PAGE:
Much like how a black box provides a recording of what happened in a plane crash, a completion result is a record of what has happened historically and doesn’t give true credence to the journey a learner has undertaken.

Digital technologies have advanced to the point that a learning experience can be personalised and the level of data collected is virtually unlimited. This helps to gauge learning effectiveness and increase engagement by:

  • Designing a learning journey instead of a single interaction, allowing for multiple data points and chances to gauge true participation
  • Using a machine learning algorithm to compare events such as previous accomplishments, peer participation, interests and ambitions to create a unique and personalised learning pathway
  • By measuring an individual’s sentiment throughout a learning journey, it is possible to provide timely intervention or offer an alternative learning opportunity that suits them better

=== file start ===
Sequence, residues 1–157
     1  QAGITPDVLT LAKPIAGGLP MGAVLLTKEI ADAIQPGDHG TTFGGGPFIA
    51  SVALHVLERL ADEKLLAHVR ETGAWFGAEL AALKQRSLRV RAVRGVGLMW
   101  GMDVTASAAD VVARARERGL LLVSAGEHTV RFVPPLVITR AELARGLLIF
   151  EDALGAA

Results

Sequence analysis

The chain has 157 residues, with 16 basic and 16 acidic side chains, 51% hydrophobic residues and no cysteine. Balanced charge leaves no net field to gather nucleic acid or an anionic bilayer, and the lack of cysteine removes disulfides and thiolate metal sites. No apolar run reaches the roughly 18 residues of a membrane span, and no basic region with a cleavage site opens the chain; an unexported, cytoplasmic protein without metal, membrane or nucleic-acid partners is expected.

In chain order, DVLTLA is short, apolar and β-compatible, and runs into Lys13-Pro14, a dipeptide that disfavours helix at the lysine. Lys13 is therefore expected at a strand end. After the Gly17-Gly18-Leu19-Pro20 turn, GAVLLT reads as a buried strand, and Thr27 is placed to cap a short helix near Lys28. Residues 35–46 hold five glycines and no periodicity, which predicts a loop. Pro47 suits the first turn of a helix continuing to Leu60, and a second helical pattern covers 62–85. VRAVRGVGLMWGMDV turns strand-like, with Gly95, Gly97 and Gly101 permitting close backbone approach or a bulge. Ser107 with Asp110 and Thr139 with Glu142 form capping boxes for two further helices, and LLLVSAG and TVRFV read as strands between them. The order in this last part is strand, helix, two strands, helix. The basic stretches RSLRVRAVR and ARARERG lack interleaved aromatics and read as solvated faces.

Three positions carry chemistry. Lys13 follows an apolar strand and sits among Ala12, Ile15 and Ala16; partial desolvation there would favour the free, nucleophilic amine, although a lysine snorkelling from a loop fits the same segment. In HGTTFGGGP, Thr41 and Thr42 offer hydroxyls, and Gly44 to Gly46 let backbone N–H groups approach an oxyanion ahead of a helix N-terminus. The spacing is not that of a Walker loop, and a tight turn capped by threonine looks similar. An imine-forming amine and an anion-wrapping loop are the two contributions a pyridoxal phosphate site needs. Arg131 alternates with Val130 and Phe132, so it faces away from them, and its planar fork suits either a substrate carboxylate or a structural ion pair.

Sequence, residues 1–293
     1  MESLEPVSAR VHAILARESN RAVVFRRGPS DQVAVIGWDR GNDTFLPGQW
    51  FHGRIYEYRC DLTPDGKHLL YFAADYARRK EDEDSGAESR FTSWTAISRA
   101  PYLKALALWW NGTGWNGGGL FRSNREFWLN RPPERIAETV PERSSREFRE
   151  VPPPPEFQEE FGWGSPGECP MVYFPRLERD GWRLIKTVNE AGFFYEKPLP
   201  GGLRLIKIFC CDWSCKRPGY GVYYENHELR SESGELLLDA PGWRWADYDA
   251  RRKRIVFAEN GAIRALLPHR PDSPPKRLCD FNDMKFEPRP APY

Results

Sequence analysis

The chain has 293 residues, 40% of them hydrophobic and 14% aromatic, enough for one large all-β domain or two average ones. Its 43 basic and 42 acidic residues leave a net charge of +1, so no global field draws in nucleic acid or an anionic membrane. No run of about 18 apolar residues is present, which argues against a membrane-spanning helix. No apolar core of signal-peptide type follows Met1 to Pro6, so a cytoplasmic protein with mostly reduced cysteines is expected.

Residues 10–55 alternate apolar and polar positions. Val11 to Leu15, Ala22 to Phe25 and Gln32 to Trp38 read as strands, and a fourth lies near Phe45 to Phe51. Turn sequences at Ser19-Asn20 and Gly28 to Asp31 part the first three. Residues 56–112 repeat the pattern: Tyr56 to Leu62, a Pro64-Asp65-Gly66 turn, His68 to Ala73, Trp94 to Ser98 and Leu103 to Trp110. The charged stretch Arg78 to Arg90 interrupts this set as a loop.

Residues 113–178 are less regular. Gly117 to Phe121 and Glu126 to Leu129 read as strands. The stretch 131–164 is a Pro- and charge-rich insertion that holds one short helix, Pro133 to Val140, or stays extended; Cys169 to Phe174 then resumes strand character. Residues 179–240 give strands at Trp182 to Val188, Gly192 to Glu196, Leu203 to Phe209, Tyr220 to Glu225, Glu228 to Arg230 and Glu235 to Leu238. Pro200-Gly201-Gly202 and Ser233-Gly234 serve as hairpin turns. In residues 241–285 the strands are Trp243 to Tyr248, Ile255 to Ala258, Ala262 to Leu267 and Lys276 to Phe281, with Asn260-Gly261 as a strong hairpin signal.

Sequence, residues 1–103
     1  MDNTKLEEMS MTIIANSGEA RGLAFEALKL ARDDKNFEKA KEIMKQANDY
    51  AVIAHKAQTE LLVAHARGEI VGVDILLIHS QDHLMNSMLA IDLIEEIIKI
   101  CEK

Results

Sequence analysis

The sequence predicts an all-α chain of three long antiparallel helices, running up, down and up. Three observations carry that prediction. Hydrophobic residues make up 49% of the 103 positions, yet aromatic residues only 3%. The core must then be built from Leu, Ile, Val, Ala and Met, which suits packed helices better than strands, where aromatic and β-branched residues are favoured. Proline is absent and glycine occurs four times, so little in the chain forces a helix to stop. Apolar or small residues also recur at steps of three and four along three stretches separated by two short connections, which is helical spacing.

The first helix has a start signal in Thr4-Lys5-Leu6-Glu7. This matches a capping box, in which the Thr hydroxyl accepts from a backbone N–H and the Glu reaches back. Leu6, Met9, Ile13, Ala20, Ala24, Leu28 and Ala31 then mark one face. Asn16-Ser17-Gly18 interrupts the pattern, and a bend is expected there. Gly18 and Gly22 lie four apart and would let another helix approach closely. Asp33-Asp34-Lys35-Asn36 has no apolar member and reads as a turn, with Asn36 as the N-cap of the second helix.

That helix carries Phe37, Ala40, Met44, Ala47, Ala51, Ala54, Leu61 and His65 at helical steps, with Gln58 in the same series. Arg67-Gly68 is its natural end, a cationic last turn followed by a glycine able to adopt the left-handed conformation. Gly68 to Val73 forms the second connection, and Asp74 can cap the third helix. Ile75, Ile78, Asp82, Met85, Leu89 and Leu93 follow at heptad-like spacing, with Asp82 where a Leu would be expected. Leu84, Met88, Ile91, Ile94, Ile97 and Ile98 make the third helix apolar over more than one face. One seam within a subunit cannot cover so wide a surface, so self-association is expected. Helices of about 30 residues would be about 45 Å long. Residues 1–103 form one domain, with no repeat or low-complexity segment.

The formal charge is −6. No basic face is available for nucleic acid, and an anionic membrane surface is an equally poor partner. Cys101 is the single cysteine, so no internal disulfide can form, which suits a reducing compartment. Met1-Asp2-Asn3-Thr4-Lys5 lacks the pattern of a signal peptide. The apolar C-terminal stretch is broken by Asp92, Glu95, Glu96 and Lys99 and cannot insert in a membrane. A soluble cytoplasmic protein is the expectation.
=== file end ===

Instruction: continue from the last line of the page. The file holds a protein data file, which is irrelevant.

• Using AI to analyse data and identify trends, patterns and highlight areas for action
  • Aligning digital records to business goals. Using traditional metrics along with more advanced user-generated records such as social posts, KPIs and performance data, survey responses, user feedback and gamification scores

Gauging learning effectiveness by using the more advanced methods mentioned in this article gives organisations a competitive advantage and helps future-proof them. By understanding what is working for their organisation’s learners, learning and development teams can ensure they are providing best practice resources and get tangible results. It is more important than ever to be able to demonstrate the impact learning is having on employees and business performance.

Connect with us today to learn more about the technologies that can support superior visibility and effectiveness in your learning journey.